Widespread Panicâ€™s 2011 touring season climaxed at an even greater crescendo than previous years, as fans were forewarned that the 2012 calendar would be much abbreviated with a short acoustic tour and vacation stop in Mexico being the only guarantees on the docket. Perhaps for this reason, the â€œspecialâ€ shows like Halloween seemed even more unique and enjoyable than usual. Although I wasnâ€™t able to attend the one night stand at the Aragon Ballroom in person, I had the next best thing: a copy of the DVD produced for the band by LiveJam HD. A relatively young company, LiveJam HD has only been in business since 2010, but unlike some of the other outfits that have been hired to shoot video of Widespread Panic concerts in the past, they seem to have a pretty good recipe for success. As I popped the DVD into my Blu-ray player, I watched the show unfold taking a critical eye to not only my opinion of the bandâ€™s performance, but the actual production of the DVD, camera-work, video quality, integration with audio sound, etc.
As other show reviewers have opined, the Halloween show this year was definitely fantastic. The setlist was peppered with an equal measure of unexpected bust-outs, oldies-but-goodies, and tried-and-true rock songs. One thing that impressed me is how clear the shots of the band members are, as I was immediately trying to figure out their costumes.Â I found myself scratching my head wondering why John Hermann had headphones on (and the even dumber thought â€“ â€œhas he been wearing those all tour?â€) until the light bulb went off and I realized he was Steve Bartman, the kid that cost the Cubs a shot at the world series several years back by grabbing a ball that was in play. But aside from getting a very clear look at the bandâ€™s various costumes – which isnâ€™t always the easiest thing to do if you are at the show and not close to the stage – the other thing that struck me throughout the show was the very serious and focused demeanor of band members, both individually and as a whole.Â If it were not for the impromptu breakdown with the crew at the end, I might have questioned if they were even having a good time.
But the performance was solid throughout, and thatâ€™s what counts. And what makes the DVD recording worth watching is that the folks behind the cameras shooting the footage, plus the editors and producers back in the film room doing the editing, actually UNDERSTAND the band.Â Thinking back to videos like Panic in the Streets, the film crew was at times so oblivious to the interaction between the band members they would be focused on the wrong guy while somebody else was taking the lead.Â That doesnâ€™t happen here. In fact, the quantity of cameras used (eight total) and the wide variety of angles (behind the stage or above it, for example) give a fantastic insight into whatâ€™s happening onstage thatÂ a fan pressed up against the rail wouldnâ€™t necessarily see.Â The jamming between Hermann and Jimmy Herring during â€œBust It Bigâ€ is a great example of the cameras locking in on the action, and similarly, the â€œChilly Waterâ€ sandwich is not only well played, but well chronicled by the cameras as the lead is tossed back and forth from member to member like a giant sonic football.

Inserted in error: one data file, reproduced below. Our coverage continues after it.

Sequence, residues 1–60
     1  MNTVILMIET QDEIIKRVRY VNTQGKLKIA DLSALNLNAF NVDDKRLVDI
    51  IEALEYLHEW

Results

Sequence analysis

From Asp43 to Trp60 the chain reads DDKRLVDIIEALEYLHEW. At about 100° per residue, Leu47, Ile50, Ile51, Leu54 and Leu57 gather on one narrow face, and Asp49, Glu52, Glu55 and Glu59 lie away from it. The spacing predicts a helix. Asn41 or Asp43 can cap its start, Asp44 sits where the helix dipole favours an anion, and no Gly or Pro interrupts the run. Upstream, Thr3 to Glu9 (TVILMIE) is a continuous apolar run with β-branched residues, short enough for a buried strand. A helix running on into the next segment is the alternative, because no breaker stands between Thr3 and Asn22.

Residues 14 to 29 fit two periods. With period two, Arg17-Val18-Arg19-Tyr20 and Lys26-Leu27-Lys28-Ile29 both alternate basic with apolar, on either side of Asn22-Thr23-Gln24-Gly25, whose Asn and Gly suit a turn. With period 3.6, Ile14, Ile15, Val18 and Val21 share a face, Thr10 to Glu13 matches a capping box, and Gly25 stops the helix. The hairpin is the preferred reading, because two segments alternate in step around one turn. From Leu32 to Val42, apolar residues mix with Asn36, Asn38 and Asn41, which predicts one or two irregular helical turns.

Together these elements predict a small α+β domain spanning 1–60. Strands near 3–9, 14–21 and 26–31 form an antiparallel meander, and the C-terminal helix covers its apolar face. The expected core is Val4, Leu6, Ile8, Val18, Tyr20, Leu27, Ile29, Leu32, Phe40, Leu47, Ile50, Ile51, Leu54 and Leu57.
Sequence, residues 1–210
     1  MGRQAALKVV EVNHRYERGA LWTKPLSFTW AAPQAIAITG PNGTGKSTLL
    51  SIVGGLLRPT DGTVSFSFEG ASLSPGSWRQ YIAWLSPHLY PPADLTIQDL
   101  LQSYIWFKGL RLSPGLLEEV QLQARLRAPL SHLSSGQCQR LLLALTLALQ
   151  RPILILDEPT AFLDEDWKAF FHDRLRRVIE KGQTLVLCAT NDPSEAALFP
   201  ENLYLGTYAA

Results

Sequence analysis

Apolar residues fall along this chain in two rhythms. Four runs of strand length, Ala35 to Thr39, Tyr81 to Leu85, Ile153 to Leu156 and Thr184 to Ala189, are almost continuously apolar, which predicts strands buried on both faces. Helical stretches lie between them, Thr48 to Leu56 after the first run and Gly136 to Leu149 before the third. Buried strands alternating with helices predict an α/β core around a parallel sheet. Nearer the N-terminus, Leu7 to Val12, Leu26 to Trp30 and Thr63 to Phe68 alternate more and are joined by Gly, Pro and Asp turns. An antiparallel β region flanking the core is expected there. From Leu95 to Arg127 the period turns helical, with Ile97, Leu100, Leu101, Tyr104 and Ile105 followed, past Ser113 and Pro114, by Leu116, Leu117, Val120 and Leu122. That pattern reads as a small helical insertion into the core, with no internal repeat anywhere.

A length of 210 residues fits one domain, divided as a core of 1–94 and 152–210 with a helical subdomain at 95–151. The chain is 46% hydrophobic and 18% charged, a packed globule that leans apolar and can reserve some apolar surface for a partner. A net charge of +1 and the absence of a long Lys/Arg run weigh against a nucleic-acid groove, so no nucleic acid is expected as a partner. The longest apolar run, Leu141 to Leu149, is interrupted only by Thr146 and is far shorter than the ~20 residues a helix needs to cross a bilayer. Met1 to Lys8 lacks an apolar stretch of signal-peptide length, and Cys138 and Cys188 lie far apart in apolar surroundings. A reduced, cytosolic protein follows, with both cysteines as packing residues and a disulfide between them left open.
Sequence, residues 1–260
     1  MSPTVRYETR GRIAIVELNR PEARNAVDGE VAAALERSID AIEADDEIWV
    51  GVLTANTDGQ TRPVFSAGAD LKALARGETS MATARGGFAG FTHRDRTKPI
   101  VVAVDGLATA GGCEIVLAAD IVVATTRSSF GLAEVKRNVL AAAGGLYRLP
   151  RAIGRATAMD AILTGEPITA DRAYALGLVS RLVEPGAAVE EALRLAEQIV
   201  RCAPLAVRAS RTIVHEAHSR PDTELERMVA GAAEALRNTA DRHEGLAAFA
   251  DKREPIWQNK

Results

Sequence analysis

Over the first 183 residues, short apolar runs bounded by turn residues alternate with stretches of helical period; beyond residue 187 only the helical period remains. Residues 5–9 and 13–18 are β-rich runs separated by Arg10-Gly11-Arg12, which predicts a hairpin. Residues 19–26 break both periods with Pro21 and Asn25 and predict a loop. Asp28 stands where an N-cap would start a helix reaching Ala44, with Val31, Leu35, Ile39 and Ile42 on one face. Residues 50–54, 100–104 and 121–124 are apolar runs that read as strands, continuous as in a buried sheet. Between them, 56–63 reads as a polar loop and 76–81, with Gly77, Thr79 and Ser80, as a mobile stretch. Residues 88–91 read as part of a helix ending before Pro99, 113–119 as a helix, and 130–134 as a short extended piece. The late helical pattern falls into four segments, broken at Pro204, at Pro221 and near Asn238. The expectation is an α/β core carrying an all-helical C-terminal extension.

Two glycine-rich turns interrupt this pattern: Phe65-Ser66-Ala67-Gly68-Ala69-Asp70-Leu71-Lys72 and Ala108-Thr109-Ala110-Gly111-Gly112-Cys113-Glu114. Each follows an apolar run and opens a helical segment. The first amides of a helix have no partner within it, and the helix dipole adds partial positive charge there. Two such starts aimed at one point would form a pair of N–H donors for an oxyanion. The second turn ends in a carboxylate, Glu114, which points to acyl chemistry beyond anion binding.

While the audio output isnâ€™t really the responsibility of the film crew (I assume the band gave them a soundboard feed), it was integrated seamlessly into the video. Again, in probably an unfair comparison to Panic in the Streets, there were moments of that Athens recording when the video and audio footage werenâ€™t even in sync.Â It is almost humorous to point that out now, because the DVD product of the Halloween show produced by LiveJam HD is both competently executed and thoughtfully produced. They perfectly capture things like JBâ€™s guttural growl immediately preceding â€œTime Zones,â€ or the tone and sound of â€œDegenerateâ€ which makes it immediately evident that it is a Vic Chesnutt song, even though I hadn’t heard the song before.Â As dark and scary Halloween shows go, this one had plenty to like:Â more down and dirty bustouts from blues inspired â€œTail Draggerâ€ penned by Willie Dixon to â€œIron Manâ€ and â€œGodzillaâ€ sandwich to open the second set which nods to Black Sabbath and Blue Oyster Cult, respectively.Â Although it almost got lost in the shuffle of other great tunes played on that night, â€œWishboneâ€ was played for the first time in over 20 years.Â That tune was originally written by Willis Alan Ramsey, a Texas folk and country singer who also fathered â€œGeraldine and the Honey Beeâ€ which appears on Panicâ€™s Uber Cobra live album.Â I had been warned that the slight flex in the floor of the Aragon might cause a problem with shooting video, but you canâ€™t tell from the finished product.Â The images are clear and sharp, with the only the glare from the stage lights ever distorting the video, which are the same lights that would be in your face if you were at the show live.
The other touches which make this DVD successful are occasional shots of the crowd and theater throughout the show. It is just enough to give the flavor of the fans and crowd, which is particularly neat on Halloween with everybody in costume, but also important based on the particularly tight bond and energy exchange between the band and its fans. It also highlights what a cool venue the Aragon is with its gothic style architecture and opera style loge sections. And finally, the last noteworthy touch is the great footage of the band, crew, and everybody intermingling onstage to play the cult classic and fan favorite â€œWerewolves of Londonâ€ during the encore.Â At that point, it is obvious that the band WAS having fun, as was everybody else on stage, in the audience, listening on the Internet â€œcouch tour,â€ and very likely, fans who will watch the show on DVD in the future.
Aragon Ballroom Chicago, IL 10/31/11 is out now on LiveJam HD.